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theatre: q&a

Diane D'Aquila

Since her last appearance at the Stratford Shakespeare Festival in 2008, Gemini Award-winning actor Diane D'Aquila has moved back to Toronto, performed in Canadian classics at Soulpepper and Canadian Stage and spent a stint in Ottawa as part of the National Arts Centre's re-formed English Theatre Company.

This month, D'Aquila – whose pre-Stratford résumé includes international work with high-calibre directors such as Julie Taymor and Robert Wilson – makes her debut at Buddies in Bad Times in artistic director Brendan Healy's "queer reclaiming" of Jean Genet's controversial 1947 play The Maids.

The Globe spoke with the famously dusky-voiced D'Aquila, 58, as she took a break from rehearsal of the once-again topical play about two domestic workers who plot to poison their mistress.

How did you end up working at Buddies?

I've been a fan of Brendan's work. The older you get, you really want to give yourself challenges. I want to work with the younger directors coming up – it's not often the old guard actually gets asked.

Do you feel like you're returning to your acting roots in Toronto's alternative theatre scene in the 1970s?

Sure, of course, I do. I started in new work. I started doing work that was, for lack of a better word, challenging.

I was just reading an article by playwright Brad Fraser about one of those challenging plays you did back then by Michael Hollingsworth.

Clear Light? The one that got closed by the morality squad?

What exactly went on in that play?

There was – oh gosh – cannibalism, there was S&M behaviour, lots of nudity. A bad acid dream gone even worse is basically what the premise was. What was the play about? I knew then, but it was a long time ago. I remember my life B.C. and A.C. – before children, after children.

I've seen The Maids done with women as the two maids and I understand it's been done with men, but this is the first time I've heard of a male actor – fellow Stratford veteran Ron Kennell – and a female splitting the roles.

Genet wrote it for men, but the first two productions in France, if I've got the info right, were done with women. The way we are imagining it – and it makes sense to me – is as if we had been in an orphanage and we found ourselves being drawn to each other: a young girl who doesn't think she's very feminine and a boy who dresses as a woman and admires the beauty of femininity. The important thing is, for the storytelling, we are sisters.

Last season, both you and Kennell were in gender-bending roles in Peter Hinton's revival of Saint Carmen of the Main in Ottawa and Toronto. I didn't even recognize you as the butch hairdresser Harelip. Was that a new thing for you?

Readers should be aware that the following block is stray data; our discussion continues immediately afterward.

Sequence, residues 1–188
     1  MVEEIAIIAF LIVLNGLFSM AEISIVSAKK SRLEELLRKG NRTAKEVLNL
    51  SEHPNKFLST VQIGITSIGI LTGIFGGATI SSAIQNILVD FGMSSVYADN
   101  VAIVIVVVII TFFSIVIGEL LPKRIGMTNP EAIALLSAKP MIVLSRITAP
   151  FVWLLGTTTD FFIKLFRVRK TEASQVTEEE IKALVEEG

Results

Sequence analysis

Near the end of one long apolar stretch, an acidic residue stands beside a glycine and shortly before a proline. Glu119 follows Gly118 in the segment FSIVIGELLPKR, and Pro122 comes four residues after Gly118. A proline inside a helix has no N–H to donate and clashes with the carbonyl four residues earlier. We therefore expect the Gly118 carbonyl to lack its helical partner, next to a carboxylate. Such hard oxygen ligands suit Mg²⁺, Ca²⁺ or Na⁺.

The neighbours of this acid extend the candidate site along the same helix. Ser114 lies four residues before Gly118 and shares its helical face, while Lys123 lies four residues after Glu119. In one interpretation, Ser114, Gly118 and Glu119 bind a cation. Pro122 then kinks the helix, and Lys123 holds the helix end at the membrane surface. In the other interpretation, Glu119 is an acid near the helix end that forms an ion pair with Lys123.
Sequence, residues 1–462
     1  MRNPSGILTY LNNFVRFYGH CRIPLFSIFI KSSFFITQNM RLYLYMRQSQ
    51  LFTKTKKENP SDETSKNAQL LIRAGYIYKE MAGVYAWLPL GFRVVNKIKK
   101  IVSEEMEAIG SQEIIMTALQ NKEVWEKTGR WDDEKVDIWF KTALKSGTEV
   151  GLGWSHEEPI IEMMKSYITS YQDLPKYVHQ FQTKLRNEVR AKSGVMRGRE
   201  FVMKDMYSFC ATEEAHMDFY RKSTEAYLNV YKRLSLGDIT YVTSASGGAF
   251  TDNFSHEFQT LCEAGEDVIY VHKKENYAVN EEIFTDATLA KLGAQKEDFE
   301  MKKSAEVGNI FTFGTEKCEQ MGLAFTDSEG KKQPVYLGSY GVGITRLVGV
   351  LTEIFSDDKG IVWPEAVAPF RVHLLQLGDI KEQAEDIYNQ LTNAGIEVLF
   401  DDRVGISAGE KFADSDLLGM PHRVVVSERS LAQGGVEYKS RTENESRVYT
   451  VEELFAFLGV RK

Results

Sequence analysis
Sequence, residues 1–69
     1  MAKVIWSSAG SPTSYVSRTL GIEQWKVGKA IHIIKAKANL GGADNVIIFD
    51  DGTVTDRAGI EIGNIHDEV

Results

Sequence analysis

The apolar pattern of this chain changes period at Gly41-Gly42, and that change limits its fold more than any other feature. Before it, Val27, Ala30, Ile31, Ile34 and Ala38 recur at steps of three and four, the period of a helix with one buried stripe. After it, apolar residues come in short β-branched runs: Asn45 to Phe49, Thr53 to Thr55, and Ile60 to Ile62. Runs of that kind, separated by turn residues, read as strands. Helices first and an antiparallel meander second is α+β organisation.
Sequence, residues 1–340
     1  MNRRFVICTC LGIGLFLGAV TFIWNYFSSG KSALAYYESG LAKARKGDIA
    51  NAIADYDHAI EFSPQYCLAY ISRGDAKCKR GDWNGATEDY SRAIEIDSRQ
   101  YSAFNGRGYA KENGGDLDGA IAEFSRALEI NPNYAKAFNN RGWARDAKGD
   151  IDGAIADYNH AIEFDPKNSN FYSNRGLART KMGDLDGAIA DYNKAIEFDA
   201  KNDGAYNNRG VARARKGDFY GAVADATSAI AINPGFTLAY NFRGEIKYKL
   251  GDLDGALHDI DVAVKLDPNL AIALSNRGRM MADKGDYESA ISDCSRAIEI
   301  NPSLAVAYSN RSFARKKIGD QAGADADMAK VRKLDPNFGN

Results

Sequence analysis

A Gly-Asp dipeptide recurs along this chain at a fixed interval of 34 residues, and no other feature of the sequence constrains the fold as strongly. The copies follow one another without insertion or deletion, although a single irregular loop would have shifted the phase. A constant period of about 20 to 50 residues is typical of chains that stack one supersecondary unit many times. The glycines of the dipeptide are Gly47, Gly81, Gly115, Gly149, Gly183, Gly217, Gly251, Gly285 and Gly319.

No, I've played what we call the britches parts in Shakespeare. When I was young, I played Rosalind and she spends a great deal of As You Like It dressed as a boy. I just haven't done it in the modern lexicon.

Will you be back at the NAC this season?

No, there's nothing for me. I'm off to Chicago to perform for the first time at the Chicago Shakespeare Theater, doing Elizabeth Rex.

You originated the role of Elizabeth I in that Timothy Findley play at Stratford and later won a Gemini for the televised version. What made you want to do it again?

I'm actually nearer the right age. When we did it before, I had the white makeup, I shaved my head, I had a lot of stuff to hide under, but I spent a great deal of time having to work at the age. And the other reason is: I love working with a group of actors who don't know me. It's incredibly exciting and invigorating; it's as if you can reinvent yourself.

You're originally from the United States – do you feel like a foreigner when you return?

No. It is in my DNA. I have an American energy, which is very different from a Canadian energy. Now I've spent most of my adult life in Canada, so, of course, that American energy has changed and shifted and grown into a bit of a hybrid. I am a Canadian citizen and proud of it, but I'm also an American citizen and proud of that too. I still vote down there every election.

We haven't seen you at Stratford since you played Ftatateeta alongside Christopher Plummer in Des McAnuff's production of Caesar and Cleopatra. Is that your choice or the current artistic team's?

Let's put it this way: There's not a lot of room for a lot of middle-aged actresses in their canon, to be quite honest. So when I took myself out of the loop – and I did take myself out – other people come in to take the place. I will always be grateful to [former artistic director]Richard Monette because, when my children were very young, he gave me a theatrical home and a really lovely community for a family in their early formative years. But when I moved there I always said to myself, "When my children leave home, I must leave too." I did not want to be one of those actors who retires in Stratford. I started in theatre that is challenging and in new work and that's where I'd like to end.

The Maids runs at Buddies in Bad Times from Sept. 22 to Oct. 9.

This interview has been condensed and edited.